After the achievement of high clinical response rates and improved survival outcomes with both targeted and ICB therapy in patients with disseminated stage IV and unresectable stage III disease, interest developed in investigating these therapies in the neoadjuvant setting in patients with resectable, measurable nodal metastases so as to (1) determine the extent of clinical and pathological responses; (2) correlate clinical outcomes with extent of response or resistance; (3) prevent early progression of disease by initiating effective systemic therapies earlier to eradicate micrometastatic disease; and (4) establish a translational research platform for biomarker discovery to elucidate mechanisms of response and resistance, since access to tumor is more straightforward in these patients. Single-arm and randomized phase II trials were undertaken and demonstrated high clinical and pathological response rates with combination targeted and ICB regimens (single agent and combination). Significantly improved survival outcomes correlated with complete and major (< 10% viable tumor) pathological responses compared with patients with less responsive or non-responding tumors. The encouraging results of these early neoadjuvant trials and the need to improve upon the outcomes of the phase III adjuvant trials motivated investigators to formalize a multidisciplinary collaborative effort that led to the establishment of the International Neoadjuvant Melanoma Consortium (INMC).8 One of the major contributions of the INMC was a pooled analysis of 184 patients participating collectively in six prospective clinical trials utilizing a variety of targeted or ICB neoadjuvant regimens. This analysis demonstrated that pathological complete response (pCR) occurred in 41% of patients overall and 33% of patients treated with immunotherapy, with an increased pCR rate observed in those receiving combination ICB therapy.9 While pCR was achieved with a higher frequency with targeted therapy and correlated with very favorable survival outcomes, any pathological response less than pCR was associated with a rapid decline in recurrence-free survival (RFS). Remarkably, pCR generated by ICB was associated with nearly 100% RFS, and, in contrast to targeted therapy, even a partial response correlated with high and durable RFS outcomes. In an attempt to compare the impact of neoadjuvant immunotherapy with adjuvant immunotherapy, data from the pooled analysis demonstrated that neoadjuvant immunotherapy was associated with an RFS of 75% at 2 years, which compared favorably with an RFS of 60% at 2 years obtained from adjuvant immunotherapy trials, without accounting for the patients who were not captured in adjuvant trials due to early recurrence. Additional evidence suggesting that neoadjuvant immunotherapy might lead to superior outcomes compared with adjuvant immunotherapy was reported from the OpaCIN trial,10 which studied the use of neoadjuvant versus adjuvant combination ICB, albeit with a relatively small number of patients. Beyond the survival curve analysis demonstrating trends of improved outcomes with neoadjuvant immunotherapy, translational analysis demonstrated a larger number of tumor-resident T cells in the peripheral blood of patients in the neoadjuvant versus adjuvant treatment arm.10 These results are consistent with findings from preclinical models showing improved outcomes with neoadjuvant therapy.9,11 While the aforementioned reports of improved survival outcomes with neoadjuvant immunotherapy in high-risk patients were interesting and even provocative, the relatively few patients in the study and the limitations inherent in these types of analyses categorized the findings as hypothesis-generating. A well-designed, narrowly focused, prospective randomized trial was needed to support substantive changes to the current standard clinical practice of adjuvant single-agent ICB.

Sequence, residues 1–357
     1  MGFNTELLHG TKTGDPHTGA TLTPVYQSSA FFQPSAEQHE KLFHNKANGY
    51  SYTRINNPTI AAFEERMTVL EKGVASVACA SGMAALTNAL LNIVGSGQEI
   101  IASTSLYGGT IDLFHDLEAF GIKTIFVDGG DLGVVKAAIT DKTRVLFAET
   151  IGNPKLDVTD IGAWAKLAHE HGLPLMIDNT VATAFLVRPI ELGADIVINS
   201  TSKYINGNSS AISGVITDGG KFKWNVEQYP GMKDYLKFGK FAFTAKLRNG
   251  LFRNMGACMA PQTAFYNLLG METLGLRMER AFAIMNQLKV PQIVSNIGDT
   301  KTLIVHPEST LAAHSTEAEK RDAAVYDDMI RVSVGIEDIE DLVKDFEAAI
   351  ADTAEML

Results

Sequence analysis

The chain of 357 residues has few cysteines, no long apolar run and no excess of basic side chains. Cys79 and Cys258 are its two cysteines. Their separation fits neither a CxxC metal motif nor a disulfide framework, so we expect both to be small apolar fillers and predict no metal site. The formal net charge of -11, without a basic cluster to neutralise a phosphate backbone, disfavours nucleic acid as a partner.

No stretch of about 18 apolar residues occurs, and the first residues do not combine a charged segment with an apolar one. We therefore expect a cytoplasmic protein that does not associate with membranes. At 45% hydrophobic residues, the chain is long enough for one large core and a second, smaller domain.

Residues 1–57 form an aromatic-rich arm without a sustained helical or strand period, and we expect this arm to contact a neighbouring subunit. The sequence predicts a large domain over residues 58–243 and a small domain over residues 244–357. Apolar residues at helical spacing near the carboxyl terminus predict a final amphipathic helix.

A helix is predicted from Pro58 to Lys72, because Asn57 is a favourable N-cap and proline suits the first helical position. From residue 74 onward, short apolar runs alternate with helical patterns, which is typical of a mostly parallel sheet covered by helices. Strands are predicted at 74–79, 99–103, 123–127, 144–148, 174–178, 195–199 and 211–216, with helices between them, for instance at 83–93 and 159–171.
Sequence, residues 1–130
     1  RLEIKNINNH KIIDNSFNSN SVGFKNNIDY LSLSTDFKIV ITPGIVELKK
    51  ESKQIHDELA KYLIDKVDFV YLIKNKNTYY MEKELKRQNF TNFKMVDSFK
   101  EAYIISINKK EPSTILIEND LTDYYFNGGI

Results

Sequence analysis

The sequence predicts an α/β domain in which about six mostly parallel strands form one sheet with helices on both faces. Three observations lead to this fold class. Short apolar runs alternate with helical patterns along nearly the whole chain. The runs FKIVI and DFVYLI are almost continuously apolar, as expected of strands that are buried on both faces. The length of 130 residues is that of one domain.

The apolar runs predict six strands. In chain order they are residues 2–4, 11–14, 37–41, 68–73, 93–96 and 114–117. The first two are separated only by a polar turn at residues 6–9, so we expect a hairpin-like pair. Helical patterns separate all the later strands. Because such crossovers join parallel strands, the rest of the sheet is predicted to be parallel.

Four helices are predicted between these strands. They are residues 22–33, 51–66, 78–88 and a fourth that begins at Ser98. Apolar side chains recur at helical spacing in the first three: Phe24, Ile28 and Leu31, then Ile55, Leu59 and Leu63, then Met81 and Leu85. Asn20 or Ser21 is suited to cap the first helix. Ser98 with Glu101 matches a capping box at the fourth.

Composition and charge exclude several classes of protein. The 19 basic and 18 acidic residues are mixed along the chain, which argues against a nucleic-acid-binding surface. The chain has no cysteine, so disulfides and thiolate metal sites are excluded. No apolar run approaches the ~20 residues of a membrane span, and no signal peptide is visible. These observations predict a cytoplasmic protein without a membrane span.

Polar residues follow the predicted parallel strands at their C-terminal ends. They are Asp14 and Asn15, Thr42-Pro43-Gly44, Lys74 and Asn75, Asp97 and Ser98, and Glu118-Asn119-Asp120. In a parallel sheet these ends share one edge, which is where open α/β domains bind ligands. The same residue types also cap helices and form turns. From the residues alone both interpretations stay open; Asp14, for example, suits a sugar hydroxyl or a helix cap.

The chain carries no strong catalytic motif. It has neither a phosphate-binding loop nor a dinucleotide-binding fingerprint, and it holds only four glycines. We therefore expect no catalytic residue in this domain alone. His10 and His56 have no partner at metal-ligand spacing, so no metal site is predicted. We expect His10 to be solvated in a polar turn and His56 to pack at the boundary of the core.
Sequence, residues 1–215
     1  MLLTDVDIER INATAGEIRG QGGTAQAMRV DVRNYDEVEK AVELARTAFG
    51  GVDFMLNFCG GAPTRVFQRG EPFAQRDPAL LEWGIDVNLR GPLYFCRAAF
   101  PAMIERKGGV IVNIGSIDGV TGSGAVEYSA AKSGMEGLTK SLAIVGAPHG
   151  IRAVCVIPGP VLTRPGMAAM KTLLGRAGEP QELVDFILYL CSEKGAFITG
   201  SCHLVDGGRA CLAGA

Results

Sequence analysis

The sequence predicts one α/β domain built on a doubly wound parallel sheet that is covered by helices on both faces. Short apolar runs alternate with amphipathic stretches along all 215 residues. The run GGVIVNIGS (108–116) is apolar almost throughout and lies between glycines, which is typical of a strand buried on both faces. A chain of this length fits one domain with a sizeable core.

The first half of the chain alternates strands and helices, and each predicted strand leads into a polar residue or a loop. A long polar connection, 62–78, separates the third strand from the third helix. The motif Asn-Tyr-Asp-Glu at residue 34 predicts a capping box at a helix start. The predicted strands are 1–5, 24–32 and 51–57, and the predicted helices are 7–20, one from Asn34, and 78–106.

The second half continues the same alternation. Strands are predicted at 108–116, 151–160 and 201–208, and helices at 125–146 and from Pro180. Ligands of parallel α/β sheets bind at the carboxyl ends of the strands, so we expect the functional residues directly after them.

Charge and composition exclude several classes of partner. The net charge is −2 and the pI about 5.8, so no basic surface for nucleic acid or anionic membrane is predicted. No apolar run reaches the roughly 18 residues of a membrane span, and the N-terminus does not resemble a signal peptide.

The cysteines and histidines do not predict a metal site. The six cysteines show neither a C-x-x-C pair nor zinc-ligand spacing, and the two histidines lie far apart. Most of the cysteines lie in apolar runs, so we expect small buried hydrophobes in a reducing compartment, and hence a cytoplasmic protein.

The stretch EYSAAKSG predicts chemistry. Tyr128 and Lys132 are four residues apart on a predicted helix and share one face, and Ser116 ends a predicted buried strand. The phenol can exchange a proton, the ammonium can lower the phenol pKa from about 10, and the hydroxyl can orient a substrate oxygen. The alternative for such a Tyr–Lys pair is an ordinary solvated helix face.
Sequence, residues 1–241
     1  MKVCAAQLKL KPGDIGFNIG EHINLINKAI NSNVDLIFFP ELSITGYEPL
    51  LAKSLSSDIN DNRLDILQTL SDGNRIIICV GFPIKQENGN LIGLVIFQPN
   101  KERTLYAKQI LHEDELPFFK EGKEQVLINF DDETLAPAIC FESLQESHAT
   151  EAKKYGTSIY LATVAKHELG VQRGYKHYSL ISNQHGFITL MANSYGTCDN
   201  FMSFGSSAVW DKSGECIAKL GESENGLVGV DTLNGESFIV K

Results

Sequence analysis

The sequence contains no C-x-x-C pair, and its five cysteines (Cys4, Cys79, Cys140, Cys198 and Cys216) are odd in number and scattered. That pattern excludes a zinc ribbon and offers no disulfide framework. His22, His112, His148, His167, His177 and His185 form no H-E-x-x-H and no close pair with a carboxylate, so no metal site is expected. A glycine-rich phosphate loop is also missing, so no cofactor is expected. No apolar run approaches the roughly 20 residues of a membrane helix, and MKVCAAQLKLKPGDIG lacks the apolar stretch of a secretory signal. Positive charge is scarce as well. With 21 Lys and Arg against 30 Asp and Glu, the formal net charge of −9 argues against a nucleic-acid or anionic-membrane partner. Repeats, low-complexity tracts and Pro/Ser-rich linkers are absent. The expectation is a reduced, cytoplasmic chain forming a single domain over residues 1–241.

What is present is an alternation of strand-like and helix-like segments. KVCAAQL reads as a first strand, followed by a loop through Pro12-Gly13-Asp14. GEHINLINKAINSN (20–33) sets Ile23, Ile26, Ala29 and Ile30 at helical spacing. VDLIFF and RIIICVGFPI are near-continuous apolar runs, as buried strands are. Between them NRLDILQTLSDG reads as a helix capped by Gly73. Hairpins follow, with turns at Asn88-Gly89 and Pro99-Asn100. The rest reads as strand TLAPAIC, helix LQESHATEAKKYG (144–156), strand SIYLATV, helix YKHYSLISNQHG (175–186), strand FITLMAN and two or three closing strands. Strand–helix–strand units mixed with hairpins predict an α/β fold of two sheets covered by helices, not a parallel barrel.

SWOG S1801: Design, Results, Impact, and Questions

The SWOG S1801 trial was crafted to evaluate whether pembrolizumab administered both before and after surgery (3 doses neoadjuvantly and 15 doses adjuvantly) compared with pembrolizumab administered after surgery only (adjuvantly), with both treatment arms receiving a total of 18 doses, would increase event-free survival (EFS) in patients with resectable stage IIIB-IVm1C melanoma.12 Importantly, randomization occurred prior to the initiation of either therapy (surgery or pembrolizumab), to ensure that all patients at risk for relapse were included and evenly distributed between the two arms. Power calculations were based on an anticipated EFS of 64% in the adjuvant arm (RFS from Checkmate-238) and 74% in the neoadjuvant-adjuvant arm (from an INMC neoadjuvant systemic therapy pooled analysis). Ultimately, 154 patients were randomized to the neoadjuvant-adjuvant arm and 159 to the adjuvant arm. At 2 years, the EFS was 72% for the neoadjuvant-adjuvant group and 49% in the adjuvant-only group (hazard ratio 0.58, 95% confidence interval 0.39–0.87; p = 0.004). A deeper dive into the results reveals that the reduction in events observed in the neoadjuvant arm (improved EFS) occurred almost completely during the adjuvant phases of the trial (Fig. 2). Given the simplicity in trial design, with only a single perturbation between the two arms (sequence of modalities), one can conclude that administration of pembrolizumab in the context of intact tumor burden primed the immune response to generate more efficacious and tumor-specific T cells, especially the adjuvant phase. In terms of the potential for preventing early relapse, a smaller absolute number of patients experienced an event during the neoadjuvant phase prior to surgery compared with those who relapsed in the surgery arm prior to initiating adjuvant therapy. However, the number of these events overall was surprisingly small. A significant reduction of these early events would not necessarily be expected given the current understanding of the time required for a PD-1-induced anti-tumor response that prevents or thwarts relapse to take place. In contrast, extrapolating from the Combi-AD BRAF/MEK adjuvant trial,1 which demonstrated a significant reduction in early events compared with a placebo control, along with the recognition that targeted therapy has a direct tumoricidal effect, a neoadjuvant targeted therapy trial would more likely be expected to prevent early relapses during neoadjuvant therapy.